MCVR and NIV Pune were both in a unique position to detect and confirm the Nipah diagnosis because of their involvement with the GHSA and collaboration with the US CDC.
Launched in February 2014, GHSA is a growing partnership of over 64 nations, international organisations and non-governmental stakeholders to help build countries’ capacity to create a world safe from infectious disease threats and elevate global health security as a national and global priority. It was significantly expanded on the heels of the West African Ebola outbreak in 2014 to make sure that the world would be ready to prevent, detect and espond to future infectious disease outbreaks.6
GHSA builds on the WHO International Health Regulations which provide guidance for countries to assess and manage serious health threats that have the potential to spread beyond borders.7
In India, GHSA focuses specifically on the ‘Core 4’ public health functions: increasing real-time surveillance of potential public health threats, strengthening laboratory systems, ensuring more health workers are well trained in key epidemiological capacities and establishing emergency operations centres/SHOCs with rapid response teams capable of activating a coordinated emergency response.
India’s GHSA projects are implemented through 17 institutional partners, including NCDC, MCVR, and NIV/ICMR.
Through their partnership under GHSA, the US CDC provided in-country wet laboratory training to participants from MCVR and NIV in August 2017. This training—a part of the ongoing GHSA-funded hospital-based surveillance of acute febrile illness led by MCVR—helped increase diagnostic capacity and gave participants the skills to successfully investigate causes of acute febrile illnesses. In addition, US CDC shared technical expertise, specific reagents and training for diagnosis of dangerous viruses including Nipah and Crimean-Congo haemorrhagic fever through techniques including the NGS analysis technology critical to MCVR and NIV’s laboratory confirmations of the NiV in 2018.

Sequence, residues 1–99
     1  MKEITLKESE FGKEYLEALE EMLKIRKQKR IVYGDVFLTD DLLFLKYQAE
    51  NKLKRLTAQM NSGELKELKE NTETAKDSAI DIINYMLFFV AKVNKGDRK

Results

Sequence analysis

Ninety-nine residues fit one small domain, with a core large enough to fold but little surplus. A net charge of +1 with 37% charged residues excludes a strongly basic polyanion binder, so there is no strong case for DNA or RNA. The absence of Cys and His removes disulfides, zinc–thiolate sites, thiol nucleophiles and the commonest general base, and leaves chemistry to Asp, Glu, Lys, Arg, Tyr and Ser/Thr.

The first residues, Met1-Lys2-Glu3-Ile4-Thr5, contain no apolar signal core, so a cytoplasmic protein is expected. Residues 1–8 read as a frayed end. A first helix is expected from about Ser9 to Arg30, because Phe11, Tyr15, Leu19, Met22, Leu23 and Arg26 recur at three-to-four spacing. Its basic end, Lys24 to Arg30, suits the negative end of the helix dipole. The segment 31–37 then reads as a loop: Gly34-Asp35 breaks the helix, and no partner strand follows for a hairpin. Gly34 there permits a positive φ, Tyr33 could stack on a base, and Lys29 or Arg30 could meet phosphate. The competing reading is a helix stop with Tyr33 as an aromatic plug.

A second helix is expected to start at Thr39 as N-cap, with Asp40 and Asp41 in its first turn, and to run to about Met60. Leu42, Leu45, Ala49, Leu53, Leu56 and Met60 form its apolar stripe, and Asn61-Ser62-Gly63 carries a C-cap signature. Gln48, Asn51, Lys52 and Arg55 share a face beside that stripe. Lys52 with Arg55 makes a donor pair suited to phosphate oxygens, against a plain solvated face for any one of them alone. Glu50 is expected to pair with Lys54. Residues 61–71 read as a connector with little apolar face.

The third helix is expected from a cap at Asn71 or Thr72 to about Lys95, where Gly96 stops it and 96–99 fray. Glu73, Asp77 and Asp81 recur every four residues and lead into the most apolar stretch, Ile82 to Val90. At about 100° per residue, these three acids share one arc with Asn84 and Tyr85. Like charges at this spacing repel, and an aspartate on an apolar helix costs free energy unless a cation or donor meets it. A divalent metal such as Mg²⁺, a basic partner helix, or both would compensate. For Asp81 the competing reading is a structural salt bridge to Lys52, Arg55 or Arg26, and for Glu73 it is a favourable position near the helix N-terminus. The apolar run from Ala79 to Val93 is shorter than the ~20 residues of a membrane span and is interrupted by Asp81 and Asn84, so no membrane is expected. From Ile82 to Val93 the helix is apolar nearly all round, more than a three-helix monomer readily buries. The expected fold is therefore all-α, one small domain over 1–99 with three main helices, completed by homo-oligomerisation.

Less than 1 year later, scientists at MCVR used those skills, including NGS, to detect NiV as the pathogen responsible for the 2018 outbreak—for the first time without requiring sample transport outside of India. This early detection, with a turnaround time of only 12 hours, then paved the way for state and central governments to respond to Nipah more quickly than in previous outbreaks, likely limiting the severity of the outbreak and potentially reducing costs in terms of loss of life and commerce (given the role of international fruit and vegetable trade in Kerala farmers’ livelihoods). It also may have helped to limit Nipah’s spread beyond the geographic area initially affected.
Handling editor Peter MacGarr Rabinowitz
Contributors RSa oversaw the outbreak response in Kerala. GA and DTM performed diagnostic testing for the response. KFL and SN assisted India with building diagnostic capacity and the Global Health Security Agenda implementation in India. PG, SS, RSh, SKJ and MD oversaw the central outbreak response and reporting. KHH drafted the first draft of the article. RRG and NG oversaw diagnostics and next-generation sequencing at the Indian Council of Medical Research (ICMR)/National Institute of Virology. BB directed the ICMR and oversaw the entire ICMR response.
Disclaimer The findings and conclusions in this report are those of the authors and do not necessarily represent the official position of the US Centers for Disease Control and Prevention/the Agency for Toxic Substances and Disease Registry or the Ministry of Health and Family Welfare, Government of India.
Competing interests None declared.
Patient consent Not required.
Ethics approval Manipal University.
Provenance and peer review Not commissioned; externally peer reviewed.
Data sharing statement All preliminary data from this outbreak are available now and final data will be available once the findings have been published.